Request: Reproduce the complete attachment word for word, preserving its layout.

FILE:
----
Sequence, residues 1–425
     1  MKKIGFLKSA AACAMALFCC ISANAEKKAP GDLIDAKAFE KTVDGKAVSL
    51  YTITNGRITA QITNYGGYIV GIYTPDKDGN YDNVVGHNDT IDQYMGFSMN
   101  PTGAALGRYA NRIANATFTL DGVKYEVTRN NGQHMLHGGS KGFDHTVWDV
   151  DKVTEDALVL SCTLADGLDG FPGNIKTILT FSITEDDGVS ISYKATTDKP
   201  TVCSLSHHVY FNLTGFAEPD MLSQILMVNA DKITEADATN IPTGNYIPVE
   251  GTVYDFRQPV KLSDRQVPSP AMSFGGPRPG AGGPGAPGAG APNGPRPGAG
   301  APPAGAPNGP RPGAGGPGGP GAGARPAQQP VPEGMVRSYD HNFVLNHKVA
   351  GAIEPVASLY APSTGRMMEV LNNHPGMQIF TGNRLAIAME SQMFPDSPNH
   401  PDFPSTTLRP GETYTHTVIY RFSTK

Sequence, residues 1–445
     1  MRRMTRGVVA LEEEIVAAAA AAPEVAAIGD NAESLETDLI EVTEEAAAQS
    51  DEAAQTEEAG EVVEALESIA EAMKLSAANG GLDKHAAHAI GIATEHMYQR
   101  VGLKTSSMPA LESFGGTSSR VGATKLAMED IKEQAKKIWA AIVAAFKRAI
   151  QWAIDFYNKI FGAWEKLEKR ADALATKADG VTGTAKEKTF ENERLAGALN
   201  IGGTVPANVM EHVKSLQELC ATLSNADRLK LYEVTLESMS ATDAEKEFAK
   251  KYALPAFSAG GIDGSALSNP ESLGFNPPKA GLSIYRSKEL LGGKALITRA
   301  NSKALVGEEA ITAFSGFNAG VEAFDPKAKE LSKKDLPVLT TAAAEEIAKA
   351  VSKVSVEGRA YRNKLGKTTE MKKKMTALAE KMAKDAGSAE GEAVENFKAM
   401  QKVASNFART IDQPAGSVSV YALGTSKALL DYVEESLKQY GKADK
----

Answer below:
Sequence, residues 1–425
     1  MKKIGFLKSA AACAMALFCC ISANAEKKAP GDLIDAKAFE KTVDGKAVSL
    51  YTITNGRITA QITNYGGYIV GIYTPDKDGN YDNVVGHNDT IDQYMGFSMN
   101  PTGAALGRYA NRIANATFTL DGVKYEVTRN NGQHMLHGGS KGFDHTVWDV
   151  DKVTEDALVL SCTLADGLDG FPGNIKTILT FSITEDDGVS ISYKATTDKP
   201  TVCSLSHHVY FNLTGFAEPD MLSQILMVNA DKITEADATN IPTGNYIPVE
   251  GTVYDFRQPV KLSDRQVPSP AMSFGGPRPG AGGPGAPGAG APNGPRPGAG
   301  APPAGAPNGP RPGAGGPGGP GAGARPAQQP VPEGMVRSYD HNFVLNHKVA
   351  GAIEPVASLY APSTGRMMEV LNNHPGMQIF TGNRLAIAME SQMFPDSPNH
   401  PDFPSTTLRP GETYTHTVIY RFSTK

Sequence, residues 1–445
     1  MRRMTRGVVA LEEEIVAAAA AAPEVAAIGD NAESLETDLI EVTEEAAAQS
    51  DEAAQTEEAG EVVEALESIA EAMKLSAANG GLDKHAAHAI GIATEHMYQR
   101  VGLKTSSMPA LESFGGTSSR VGATKLAMED IKEQAKKIWA AIVAAFKRAI
   151  QWAIDFYNKI FGAWEKLEKR ADALATKADG VTGTAKEKTF ENERLAGALN
   201  IGGTVPANVM EHVKSLQELC ATLSNADRLK LYEVTLESMS ATDAEKEFAK
   251  KYALPAFSAG GIDGSALSNP ESLGFNPPKA GLSIYRSKEL LGGKALITRA
   301  NSKALVGEEA ITAFSGFNAG VEAFDPKAKE LSKKDLPVLT TAAAEEIAKA
   351  VSKVSVEGRA YRNKLGKTTE MKKKMTALAE KMAKDAGSAE GEAVENFKAM
   401  QKVASNFART IDQPAGSVSV YALGTSKALL DYVEESLKQY GKADK